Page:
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Old 01-03-2010, 08:56 AM   #1
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Re: Anyone ever seen or heard of

its an interesting concept. it would need some kind of regulator to keep the fan at a certain speed or else it would just unwind to fast to be worth it. I'll keep an eye out if I see something like that.

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Old 01-03-2010, 09:18 AM   #2
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Re: Anyone ever seen or heard of

This got me thinking for those of you who have or plan on having a wood burner these fans use no electricity but they are a bit pricey
http://www.wttool.com/product-exec/prod ... urce=froog

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Old 01-03-2010, 01:26 PM   #3
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Re: Non-Electric Fans

Quote:
Originally Posted by thesaltydog24
This got me thinking for those of you who have or plan on having a wood burner these fans use no electricity but they are a bit pricey
http://www.wttool.com/product-exec/prod ... urce=froog

Chris
I've seen one of these heat-powered woodstove fans in action when touring an off-grid home - they work!
It doesn't help Smitty air out the shower or toilet, though.
I think America believes we will have electricity everywhere forever, and powered gadgets have largely driven unique antique/alternative products out of production. A quote I heard this week attributed to a closed business: "When the cost of doing business exceeds income, it's time to shut the doors."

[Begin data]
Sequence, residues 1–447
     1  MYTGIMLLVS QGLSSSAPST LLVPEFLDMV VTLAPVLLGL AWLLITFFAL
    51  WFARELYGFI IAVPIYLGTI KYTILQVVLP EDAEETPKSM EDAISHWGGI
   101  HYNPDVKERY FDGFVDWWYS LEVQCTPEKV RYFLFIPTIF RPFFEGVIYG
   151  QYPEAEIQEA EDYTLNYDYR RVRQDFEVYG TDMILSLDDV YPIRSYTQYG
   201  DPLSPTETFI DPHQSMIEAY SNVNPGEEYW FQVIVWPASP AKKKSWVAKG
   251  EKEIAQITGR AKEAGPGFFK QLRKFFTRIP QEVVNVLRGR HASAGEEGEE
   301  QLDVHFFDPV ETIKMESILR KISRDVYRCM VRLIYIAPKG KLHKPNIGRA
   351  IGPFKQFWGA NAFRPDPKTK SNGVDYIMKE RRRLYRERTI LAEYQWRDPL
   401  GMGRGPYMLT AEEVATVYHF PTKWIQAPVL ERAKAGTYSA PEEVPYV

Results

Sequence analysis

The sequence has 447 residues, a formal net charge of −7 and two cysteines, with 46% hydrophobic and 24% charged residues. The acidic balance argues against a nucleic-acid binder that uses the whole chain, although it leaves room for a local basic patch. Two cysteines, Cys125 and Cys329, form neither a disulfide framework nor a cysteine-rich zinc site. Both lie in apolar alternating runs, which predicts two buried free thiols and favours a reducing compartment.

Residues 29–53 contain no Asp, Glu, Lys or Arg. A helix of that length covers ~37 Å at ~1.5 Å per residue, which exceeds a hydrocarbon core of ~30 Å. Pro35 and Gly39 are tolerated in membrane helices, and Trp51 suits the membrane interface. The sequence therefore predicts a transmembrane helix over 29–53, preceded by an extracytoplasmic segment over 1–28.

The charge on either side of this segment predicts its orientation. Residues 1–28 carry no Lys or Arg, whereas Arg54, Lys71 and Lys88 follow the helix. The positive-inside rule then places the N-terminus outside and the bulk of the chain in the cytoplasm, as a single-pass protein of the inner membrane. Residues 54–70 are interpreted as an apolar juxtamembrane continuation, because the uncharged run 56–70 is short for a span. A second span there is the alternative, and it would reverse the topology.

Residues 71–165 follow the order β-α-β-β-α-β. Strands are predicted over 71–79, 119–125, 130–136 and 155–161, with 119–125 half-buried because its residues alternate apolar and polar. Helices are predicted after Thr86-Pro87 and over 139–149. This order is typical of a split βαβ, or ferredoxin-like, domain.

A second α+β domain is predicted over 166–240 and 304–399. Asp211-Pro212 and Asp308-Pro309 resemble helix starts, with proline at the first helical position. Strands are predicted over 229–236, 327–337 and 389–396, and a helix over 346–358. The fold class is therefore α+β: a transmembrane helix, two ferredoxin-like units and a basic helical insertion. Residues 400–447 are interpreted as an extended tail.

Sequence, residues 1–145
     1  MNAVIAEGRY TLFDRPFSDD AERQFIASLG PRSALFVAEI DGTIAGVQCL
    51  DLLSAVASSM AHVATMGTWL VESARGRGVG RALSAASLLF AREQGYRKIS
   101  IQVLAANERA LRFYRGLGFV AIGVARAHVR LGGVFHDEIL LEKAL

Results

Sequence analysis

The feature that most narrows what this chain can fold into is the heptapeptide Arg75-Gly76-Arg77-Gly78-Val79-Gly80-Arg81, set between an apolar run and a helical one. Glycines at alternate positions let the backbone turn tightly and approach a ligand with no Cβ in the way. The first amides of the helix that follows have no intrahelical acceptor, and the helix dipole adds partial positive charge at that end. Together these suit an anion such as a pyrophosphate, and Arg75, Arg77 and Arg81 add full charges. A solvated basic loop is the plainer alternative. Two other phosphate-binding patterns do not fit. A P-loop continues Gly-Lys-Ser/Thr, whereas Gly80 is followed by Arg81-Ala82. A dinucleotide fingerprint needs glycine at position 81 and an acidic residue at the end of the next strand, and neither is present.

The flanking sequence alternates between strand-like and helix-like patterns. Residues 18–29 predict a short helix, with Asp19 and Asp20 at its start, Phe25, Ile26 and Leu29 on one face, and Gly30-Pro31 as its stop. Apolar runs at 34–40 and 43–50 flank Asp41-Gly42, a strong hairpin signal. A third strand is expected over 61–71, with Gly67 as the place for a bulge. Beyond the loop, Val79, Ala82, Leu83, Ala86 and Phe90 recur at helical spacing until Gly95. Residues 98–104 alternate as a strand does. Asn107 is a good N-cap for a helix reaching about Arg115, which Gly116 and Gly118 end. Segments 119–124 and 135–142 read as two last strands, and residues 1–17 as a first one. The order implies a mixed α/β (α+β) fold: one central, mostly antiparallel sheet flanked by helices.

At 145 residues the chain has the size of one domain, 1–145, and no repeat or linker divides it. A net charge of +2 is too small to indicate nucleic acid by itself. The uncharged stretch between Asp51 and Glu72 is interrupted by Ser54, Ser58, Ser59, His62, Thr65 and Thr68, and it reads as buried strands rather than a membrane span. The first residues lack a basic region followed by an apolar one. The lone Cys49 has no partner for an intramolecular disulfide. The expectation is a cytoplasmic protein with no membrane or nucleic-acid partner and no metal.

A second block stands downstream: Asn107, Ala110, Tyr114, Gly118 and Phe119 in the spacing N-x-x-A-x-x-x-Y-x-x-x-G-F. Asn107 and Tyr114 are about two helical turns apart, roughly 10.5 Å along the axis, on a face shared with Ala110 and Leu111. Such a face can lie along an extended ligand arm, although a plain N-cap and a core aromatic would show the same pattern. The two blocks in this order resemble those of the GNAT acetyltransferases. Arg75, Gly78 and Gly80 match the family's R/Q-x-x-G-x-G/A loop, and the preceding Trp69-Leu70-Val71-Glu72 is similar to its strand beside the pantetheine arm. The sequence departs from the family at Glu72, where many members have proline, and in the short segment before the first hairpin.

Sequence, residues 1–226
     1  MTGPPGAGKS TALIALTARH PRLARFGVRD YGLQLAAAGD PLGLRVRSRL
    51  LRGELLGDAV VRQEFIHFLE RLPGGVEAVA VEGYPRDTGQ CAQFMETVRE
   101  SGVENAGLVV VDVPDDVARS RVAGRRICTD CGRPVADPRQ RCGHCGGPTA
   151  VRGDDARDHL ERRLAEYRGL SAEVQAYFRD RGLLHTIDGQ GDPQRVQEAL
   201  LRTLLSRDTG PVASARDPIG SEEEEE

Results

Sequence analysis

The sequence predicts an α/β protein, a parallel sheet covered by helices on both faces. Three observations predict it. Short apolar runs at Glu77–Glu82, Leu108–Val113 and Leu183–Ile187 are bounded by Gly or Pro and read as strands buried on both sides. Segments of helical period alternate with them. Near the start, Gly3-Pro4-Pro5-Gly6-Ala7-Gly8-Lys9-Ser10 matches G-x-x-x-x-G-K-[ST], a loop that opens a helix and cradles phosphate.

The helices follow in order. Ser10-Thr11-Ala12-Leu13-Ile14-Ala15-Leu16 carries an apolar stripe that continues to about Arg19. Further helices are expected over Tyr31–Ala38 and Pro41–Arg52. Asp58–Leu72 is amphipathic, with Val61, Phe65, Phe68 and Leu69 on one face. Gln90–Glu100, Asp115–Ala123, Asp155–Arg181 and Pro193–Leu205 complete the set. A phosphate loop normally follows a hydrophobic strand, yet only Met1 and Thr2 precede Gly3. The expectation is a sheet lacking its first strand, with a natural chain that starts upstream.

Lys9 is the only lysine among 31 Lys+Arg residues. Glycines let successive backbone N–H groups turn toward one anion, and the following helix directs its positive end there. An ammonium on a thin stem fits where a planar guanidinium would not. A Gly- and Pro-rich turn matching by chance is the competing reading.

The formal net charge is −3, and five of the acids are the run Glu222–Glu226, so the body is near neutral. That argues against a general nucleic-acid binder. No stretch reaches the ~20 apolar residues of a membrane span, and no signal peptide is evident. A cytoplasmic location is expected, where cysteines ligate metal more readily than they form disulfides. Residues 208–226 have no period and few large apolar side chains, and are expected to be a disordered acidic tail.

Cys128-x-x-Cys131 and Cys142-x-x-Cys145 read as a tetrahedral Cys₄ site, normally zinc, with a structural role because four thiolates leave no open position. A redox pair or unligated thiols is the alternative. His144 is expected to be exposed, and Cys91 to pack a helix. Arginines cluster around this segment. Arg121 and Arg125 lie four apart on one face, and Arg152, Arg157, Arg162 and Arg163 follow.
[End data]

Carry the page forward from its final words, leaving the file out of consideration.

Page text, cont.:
Lehman's, who sell to the "powerless" Amish, doesn't have a fan on their "hand cranked items" pages, so one probably isn't made.
All they have in their online catalog are 12-volt and battery fans: http://www.lehmans.com/
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Old 01-04-2010, 04:32 AM   #4
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Re: Anyone ever seen or heard of

I thought about it a bit and I don't think it would be all that hard to make one yourself if it was something that really interested you.

When I was in elementary school, we used to make these little cars that used the spring tension of a mousetrap to power wheels made of CD-ROMS. Basically, a string was tied to the part of the trap that clamps down on the mouse's neck, and the other end coiled around a thin axle, like a pen or a pencil. As the trap released, it pulled the string and unraveled it from around the axle, moving the wheels and propelling the little car. The trap released slowly both because it had to propel the car, and because of the mechanical disadvantage due to a very small diameter axle and a very large diameter wheel. Apply the same concept to this idea: replace the CD with a fan, the mousetrap with something that has a longer range of motion, and maybe add in a pulley to increase the mechanical advantage. Add some sort of a governor, maybe another spring, a friction brake, or a counterweight to slow it down
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Old 01-04-2010, 04:34 AM   #5
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Re: Anyone ever seen or heard of

EDIT: Oops double identical posts
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Old 01-04-2010, 09:56 AM   #6
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Re: Non-Electric Fans

Quote:
Originally Posted by Redbear
Quote:
Originally Posted by thesaltydog24
This got me thinking for those of you who have or plan on having a wood burner these fans use no electricity but they are a bit pricey
http://www.wttool.com/product-exec/prod ... urce=froog

Chris